The Give Back Box will mean more to customers in rural areas without access to Goodwill. For us city-dwellers, a quick trip to Goodwill is a lot easier than printing up a label and hauling boxes to the post office. Since I don’t imagine the Give Back Box will be widely used, it seems more like good PR than a philanthropic initiative.

Tom Redd
Guest

Rural areas all have Goodwill stores nearby. Since I have a home in a very rural area I know this is a fact. They also have official Goodwill boxes in hard-country areas. This is an Amazon “see me” marketing campaign.

Laura Davis-Taylor
Guest
Laura Davis-Taylor
7 months 16 days ago

This was/is BRILLIANT. It lit up my social streams like wildfire and created massive value for Goodwill. They may not be able to prove an ROI on this, but it’s one of those soft efforts that great leadership knows in their belly will create fantastic brand sentiment and allegiance. After all, Amazon doesn’t have to do anything — they did this because they felt it was the right thing to do during a giving season. Love it.

Tom Redd
Guest

Exactly – pure marketing before Goodwill to others. That is how the machine works.

Phil Rubin
BrainTrust
7 months 16 days ago

I agree with you Laura that this is smart, but it goes beyond marketing and I think that this provides yet another differentiator for Amazon. While we might not see (for a while, if at all) what the data will show, my bet is that this drives lift from customers who engage and participate.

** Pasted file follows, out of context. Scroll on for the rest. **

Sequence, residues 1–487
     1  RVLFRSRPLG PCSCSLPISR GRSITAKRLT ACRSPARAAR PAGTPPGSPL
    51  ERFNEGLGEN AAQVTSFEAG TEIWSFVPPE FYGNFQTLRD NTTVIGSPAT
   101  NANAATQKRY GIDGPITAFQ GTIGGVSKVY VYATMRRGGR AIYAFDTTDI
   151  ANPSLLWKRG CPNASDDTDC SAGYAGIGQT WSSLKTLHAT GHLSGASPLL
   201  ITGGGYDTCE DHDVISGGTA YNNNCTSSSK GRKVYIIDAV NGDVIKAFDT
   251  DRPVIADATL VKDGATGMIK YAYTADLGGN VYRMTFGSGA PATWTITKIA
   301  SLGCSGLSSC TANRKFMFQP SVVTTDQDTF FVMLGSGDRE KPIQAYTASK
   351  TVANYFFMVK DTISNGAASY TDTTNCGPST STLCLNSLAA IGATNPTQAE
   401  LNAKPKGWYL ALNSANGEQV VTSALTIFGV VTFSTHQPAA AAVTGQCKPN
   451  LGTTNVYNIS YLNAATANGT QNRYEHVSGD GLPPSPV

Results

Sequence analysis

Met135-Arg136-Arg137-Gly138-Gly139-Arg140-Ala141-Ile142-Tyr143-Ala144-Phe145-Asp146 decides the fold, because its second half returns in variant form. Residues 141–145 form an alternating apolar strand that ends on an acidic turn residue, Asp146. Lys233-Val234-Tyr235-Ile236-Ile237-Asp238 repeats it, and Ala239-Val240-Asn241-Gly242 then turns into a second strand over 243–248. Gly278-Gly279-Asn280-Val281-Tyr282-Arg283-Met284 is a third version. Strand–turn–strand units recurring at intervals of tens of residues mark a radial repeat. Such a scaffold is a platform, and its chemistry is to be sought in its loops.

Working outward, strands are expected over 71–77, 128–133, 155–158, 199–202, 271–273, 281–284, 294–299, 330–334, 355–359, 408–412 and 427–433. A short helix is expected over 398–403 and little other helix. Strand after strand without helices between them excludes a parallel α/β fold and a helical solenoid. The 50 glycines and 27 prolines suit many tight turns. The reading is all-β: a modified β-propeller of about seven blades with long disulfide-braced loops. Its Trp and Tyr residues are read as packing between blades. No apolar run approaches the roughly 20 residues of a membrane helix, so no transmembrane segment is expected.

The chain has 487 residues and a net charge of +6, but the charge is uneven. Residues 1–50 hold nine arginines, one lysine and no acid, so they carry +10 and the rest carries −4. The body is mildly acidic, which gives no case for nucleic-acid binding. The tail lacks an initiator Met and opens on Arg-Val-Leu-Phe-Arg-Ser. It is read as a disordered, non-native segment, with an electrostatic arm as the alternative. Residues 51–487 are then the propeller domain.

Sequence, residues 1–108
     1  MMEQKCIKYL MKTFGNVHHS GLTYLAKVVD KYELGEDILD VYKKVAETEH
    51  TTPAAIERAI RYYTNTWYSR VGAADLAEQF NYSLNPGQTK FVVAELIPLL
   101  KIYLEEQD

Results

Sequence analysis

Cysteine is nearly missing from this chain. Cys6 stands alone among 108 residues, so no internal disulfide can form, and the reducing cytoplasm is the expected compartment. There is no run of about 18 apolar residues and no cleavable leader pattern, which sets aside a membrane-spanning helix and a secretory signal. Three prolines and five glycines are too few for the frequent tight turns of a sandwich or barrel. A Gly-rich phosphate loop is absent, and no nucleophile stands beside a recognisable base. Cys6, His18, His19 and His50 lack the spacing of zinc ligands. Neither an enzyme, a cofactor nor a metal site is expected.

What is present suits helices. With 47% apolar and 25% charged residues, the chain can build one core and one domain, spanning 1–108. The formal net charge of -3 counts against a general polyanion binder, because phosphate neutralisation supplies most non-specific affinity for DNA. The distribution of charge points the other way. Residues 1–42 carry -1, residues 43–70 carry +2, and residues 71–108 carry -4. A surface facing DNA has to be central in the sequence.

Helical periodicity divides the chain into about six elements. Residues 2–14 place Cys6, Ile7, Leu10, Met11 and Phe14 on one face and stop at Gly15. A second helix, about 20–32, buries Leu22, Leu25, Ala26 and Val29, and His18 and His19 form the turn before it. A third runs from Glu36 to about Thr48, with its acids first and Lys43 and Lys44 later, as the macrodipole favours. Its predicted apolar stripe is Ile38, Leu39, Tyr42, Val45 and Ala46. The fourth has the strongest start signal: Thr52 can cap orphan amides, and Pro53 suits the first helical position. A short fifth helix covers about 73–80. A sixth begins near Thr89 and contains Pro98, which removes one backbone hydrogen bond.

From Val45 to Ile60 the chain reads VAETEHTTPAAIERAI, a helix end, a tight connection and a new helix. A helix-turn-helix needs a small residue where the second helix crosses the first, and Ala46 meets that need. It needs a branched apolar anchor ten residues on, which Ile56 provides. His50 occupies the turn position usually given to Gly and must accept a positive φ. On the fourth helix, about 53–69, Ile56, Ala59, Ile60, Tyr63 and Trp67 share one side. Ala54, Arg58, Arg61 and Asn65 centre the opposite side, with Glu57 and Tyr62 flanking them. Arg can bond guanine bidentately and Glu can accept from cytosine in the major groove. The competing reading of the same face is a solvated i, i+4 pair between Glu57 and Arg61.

Shawn Harris
BrainTrust

This program will go over very well with those consumers who have carbon-footprint guilt with each Amazon box that arrives. I can see the use of this service spiking during a household’s spring clean-up and in early December as a charitable act. I would imagine that any shipping cost Amazon incurs related to the Give Back Box will be a charitable tax deduction for Amazon.

Lee Kent
BrainTrust

Chalk this up as more PR for Amazon, but at what cost and for what value? Goodwill is usually right around the corner. Let’s find another way to dispose of those boxes. How about we just collapse them and put them in the recycle bin or find a way to collapse and send them back for reuse?

Surely there is a better answer. I love Goodwill, don’t get me wrong, but do they even want all those boxes and want to deal with unpacking them? They love to just take stuff out of my car and put it in the truck.

For my 2 cents.

Max Goldberg
BrainTrust

Give Back Box is a great way to humanize the retail giant, even if it comes at a cost to the company. I doubt Amazon wants to sustain the cost of shipping goods to Goodwill long-term, but the holiday promotion makes its point with consumers. There are many ways for e-commerce retailers to give back to local communities: donating a percent of purchases to charity, supporting local community efforts by highlighting them, buy one-give one promotions and the like. These efforts appeal to consumers, especially Millennials, and if done well, can engender brand loyalty.

Gene Detroyer
BrainTrust